Natural Climate Solutions
“The Earth Is Just as Alive as You Are” - this is the title of a recent piece in the New York Times by science writer Ferris Jabr.
“Life is not something that happened on Earth, but something that happened to Earth,” said David Grinspoon, an astrobiologist at the Planetary Science Institute. “There is this feedback between the living and nonliving parts of the planet that make the planet very different from what it would otherwise be.” As Dr. Margulis wrote, “Earth, in the biological sense, has a body sustained by complex physiological processes. Life is a planetary-level phenomenon and Earth’s surface has been alive for at least 3,000 million years.”
“If the land is sick, you are sick,” says Fiona Livingstone, who manages a suicide prevention program at the University of Newcastle’s Centre for Rural and Remote Mental Health in Australia. In a recent article by Georgina Kenyon, Livingstone explains that “the traditional Aboriginal concept of health is much broader than that of conventional Western medicine. Aboriginal people, she says, are deeply connected to “country”, the place with which they have spiritual ties. The personal, social and ecological are closely interconnected: “health” is the state in which they are all in balance.”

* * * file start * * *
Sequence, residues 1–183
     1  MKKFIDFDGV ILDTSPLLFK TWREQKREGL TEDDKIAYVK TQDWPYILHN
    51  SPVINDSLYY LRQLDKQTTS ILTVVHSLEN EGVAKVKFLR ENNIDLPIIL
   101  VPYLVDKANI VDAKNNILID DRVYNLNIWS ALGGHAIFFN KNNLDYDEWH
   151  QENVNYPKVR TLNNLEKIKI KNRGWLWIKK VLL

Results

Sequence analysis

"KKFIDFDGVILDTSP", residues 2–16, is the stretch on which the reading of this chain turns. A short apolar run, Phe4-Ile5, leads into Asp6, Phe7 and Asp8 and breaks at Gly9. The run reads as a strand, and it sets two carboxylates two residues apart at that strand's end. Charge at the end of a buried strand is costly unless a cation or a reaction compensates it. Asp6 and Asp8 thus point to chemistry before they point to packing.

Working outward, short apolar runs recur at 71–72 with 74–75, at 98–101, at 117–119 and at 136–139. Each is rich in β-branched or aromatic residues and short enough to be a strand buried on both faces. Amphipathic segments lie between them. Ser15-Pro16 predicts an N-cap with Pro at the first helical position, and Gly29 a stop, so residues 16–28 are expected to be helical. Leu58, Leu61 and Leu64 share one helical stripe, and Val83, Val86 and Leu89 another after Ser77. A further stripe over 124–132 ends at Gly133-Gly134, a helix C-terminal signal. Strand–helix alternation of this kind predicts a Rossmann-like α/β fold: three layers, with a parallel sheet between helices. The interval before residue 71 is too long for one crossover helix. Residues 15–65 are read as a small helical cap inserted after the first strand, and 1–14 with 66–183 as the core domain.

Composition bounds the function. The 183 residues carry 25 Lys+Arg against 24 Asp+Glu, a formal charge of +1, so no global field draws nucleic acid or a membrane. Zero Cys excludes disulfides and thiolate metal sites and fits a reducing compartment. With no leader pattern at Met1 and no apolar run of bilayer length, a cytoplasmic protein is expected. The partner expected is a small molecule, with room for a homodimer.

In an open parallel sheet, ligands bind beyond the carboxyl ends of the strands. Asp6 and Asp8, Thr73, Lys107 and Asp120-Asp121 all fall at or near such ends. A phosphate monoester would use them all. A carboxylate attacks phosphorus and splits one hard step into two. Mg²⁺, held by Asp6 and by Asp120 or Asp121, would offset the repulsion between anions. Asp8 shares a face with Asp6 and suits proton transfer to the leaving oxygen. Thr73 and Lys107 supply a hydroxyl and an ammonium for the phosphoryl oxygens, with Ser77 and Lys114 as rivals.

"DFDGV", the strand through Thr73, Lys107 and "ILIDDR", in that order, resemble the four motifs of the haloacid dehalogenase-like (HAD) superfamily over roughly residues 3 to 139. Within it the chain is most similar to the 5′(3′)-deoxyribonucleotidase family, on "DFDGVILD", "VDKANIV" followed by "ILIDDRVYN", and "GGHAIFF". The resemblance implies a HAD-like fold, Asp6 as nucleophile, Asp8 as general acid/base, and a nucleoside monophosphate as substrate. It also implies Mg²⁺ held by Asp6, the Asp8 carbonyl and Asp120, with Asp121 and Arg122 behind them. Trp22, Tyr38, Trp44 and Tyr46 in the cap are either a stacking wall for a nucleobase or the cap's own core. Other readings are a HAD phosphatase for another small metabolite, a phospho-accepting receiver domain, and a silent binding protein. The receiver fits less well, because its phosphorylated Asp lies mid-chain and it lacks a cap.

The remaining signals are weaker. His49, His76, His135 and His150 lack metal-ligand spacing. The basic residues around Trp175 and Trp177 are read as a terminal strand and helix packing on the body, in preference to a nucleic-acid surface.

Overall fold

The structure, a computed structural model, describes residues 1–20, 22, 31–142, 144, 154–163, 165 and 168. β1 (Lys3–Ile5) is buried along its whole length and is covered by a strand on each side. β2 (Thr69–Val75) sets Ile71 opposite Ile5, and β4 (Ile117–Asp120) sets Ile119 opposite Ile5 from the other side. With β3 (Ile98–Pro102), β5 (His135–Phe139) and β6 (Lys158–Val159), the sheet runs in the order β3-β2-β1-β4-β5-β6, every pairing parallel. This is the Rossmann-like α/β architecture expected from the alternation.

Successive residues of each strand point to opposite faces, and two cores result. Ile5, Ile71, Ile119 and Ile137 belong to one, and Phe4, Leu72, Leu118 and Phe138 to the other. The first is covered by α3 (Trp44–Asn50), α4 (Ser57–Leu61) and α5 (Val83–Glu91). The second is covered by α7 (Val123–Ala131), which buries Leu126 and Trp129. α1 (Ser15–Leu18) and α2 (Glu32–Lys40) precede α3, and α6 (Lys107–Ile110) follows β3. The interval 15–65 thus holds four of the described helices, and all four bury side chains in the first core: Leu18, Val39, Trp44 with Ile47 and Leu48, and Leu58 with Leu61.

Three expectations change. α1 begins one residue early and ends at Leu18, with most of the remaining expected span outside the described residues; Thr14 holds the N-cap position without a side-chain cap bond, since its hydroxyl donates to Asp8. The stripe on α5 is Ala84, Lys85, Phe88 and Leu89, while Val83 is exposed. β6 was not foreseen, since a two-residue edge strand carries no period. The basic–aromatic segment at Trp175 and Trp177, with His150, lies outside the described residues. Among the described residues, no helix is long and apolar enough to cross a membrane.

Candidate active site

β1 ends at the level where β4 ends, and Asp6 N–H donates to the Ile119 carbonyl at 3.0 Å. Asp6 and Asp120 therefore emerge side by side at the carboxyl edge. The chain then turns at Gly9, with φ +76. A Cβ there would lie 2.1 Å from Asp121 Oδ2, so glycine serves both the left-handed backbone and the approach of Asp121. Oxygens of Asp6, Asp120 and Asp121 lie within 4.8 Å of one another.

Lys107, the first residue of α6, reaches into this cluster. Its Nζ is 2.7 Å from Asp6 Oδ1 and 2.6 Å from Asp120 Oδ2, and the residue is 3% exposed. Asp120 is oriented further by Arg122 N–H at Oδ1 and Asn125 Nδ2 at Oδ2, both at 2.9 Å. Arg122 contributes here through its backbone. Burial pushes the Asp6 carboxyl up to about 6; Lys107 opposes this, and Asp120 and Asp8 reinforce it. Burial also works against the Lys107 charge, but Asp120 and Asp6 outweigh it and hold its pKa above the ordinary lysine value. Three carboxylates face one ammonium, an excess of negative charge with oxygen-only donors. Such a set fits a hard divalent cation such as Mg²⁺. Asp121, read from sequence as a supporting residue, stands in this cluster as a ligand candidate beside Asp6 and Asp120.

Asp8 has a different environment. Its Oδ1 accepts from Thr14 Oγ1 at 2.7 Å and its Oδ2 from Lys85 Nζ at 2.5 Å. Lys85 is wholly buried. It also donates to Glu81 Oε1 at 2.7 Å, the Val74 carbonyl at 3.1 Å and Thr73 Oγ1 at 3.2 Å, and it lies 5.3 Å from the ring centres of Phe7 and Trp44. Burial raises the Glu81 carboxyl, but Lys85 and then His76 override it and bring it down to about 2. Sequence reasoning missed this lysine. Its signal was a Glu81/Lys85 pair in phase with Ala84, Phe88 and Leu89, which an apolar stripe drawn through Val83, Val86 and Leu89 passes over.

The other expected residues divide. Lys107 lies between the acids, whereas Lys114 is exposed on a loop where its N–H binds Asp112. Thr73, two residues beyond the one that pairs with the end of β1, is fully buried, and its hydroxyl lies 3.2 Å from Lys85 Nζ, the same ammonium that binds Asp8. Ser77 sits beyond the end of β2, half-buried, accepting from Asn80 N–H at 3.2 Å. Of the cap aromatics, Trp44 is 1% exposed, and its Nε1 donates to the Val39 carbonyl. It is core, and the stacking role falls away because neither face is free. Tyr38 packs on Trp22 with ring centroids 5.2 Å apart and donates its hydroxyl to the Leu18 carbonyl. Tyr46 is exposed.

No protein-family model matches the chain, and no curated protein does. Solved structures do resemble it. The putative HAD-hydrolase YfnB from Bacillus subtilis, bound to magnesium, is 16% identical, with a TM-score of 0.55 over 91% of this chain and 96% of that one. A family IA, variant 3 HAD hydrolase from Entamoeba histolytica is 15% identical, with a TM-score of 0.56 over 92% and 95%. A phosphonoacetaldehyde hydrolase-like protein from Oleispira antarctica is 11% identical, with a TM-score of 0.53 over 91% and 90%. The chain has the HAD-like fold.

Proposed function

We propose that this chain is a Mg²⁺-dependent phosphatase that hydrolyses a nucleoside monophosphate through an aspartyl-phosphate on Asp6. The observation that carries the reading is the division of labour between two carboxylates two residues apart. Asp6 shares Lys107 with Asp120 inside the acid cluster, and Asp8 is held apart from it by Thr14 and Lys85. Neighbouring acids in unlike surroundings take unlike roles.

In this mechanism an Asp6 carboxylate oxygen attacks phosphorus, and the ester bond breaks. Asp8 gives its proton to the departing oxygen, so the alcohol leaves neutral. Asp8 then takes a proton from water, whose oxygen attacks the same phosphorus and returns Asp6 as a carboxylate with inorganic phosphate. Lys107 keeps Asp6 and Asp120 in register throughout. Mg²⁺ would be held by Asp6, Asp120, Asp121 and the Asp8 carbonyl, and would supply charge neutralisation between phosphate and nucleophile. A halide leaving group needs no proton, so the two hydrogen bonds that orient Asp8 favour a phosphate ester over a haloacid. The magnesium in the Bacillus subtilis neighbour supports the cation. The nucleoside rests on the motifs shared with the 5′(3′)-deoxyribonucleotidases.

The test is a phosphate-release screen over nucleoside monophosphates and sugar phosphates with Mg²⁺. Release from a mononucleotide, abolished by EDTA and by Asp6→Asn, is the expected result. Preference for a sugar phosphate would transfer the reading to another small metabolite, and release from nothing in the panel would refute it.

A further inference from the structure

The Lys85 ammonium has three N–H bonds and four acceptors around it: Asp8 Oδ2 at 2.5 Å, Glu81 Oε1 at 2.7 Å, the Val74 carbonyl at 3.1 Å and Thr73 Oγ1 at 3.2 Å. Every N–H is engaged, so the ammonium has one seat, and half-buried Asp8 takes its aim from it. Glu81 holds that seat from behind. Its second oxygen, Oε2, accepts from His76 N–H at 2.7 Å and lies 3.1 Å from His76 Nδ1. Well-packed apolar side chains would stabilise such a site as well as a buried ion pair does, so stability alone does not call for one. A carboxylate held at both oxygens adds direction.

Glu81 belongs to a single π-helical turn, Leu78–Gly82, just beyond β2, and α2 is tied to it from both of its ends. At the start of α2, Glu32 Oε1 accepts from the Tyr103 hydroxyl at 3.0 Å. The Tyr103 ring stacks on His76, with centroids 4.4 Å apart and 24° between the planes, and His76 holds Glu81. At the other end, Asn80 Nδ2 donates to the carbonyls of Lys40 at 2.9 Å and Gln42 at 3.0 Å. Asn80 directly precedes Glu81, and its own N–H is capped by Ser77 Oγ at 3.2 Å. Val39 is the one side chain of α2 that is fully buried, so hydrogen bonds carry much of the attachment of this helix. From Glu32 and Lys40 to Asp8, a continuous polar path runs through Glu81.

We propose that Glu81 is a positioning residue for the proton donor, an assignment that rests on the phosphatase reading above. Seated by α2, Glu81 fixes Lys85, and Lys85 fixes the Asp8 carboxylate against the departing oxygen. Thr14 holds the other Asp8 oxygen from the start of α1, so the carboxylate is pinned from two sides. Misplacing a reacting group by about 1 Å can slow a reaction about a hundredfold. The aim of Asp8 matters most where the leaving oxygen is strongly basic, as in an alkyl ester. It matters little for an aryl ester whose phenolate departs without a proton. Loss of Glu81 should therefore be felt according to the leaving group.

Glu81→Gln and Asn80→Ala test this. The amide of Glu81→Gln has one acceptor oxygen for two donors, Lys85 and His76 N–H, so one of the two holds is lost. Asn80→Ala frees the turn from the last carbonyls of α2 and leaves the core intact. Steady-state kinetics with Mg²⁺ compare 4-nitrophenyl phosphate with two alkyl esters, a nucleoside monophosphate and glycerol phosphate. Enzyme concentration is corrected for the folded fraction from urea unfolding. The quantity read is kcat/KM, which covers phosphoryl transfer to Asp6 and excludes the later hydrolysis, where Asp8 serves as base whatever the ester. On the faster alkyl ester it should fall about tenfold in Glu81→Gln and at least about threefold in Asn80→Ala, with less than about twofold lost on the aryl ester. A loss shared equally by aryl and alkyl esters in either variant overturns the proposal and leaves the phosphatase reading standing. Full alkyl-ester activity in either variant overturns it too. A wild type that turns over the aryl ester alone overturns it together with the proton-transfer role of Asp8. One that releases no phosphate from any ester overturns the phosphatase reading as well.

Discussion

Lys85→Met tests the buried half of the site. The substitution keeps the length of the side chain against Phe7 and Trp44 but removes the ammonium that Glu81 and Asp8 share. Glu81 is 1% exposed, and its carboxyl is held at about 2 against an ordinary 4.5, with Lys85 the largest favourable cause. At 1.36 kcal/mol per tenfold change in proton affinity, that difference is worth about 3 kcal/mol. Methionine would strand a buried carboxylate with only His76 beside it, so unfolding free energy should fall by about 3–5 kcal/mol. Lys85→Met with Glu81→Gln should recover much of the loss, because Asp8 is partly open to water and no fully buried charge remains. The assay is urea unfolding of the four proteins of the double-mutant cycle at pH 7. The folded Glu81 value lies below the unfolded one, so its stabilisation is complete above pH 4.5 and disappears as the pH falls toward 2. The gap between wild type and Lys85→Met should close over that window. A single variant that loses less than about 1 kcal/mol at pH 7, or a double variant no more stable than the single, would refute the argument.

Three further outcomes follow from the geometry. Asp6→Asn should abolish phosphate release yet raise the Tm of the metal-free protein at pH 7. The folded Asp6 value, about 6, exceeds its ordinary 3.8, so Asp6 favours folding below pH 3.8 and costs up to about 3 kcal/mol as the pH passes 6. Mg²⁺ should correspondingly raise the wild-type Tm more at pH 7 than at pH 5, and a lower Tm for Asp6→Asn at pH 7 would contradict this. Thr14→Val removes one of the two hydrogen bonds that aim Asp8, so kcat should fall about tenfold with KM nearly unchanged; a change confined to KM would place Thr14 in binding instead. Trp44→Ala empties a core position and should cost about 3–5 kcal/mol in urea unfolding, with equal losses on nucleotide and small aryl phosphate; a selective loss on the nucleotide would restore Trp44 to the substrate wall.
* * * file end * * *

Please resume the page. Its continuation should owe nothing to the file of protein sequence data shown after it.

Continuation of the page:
The perspective of humans that we are separate, individual beings that live on a planet comprised of non-living rock, water, and air that happens to have other different forms of life on it that we are free to exploit, ignore, or destroy as we like is not only wrong, but is a mortal danger to our own existence. It is a recent development in human history and has put us on a disastrous course of destruction of species and entire ecosystems, pollution and climate change.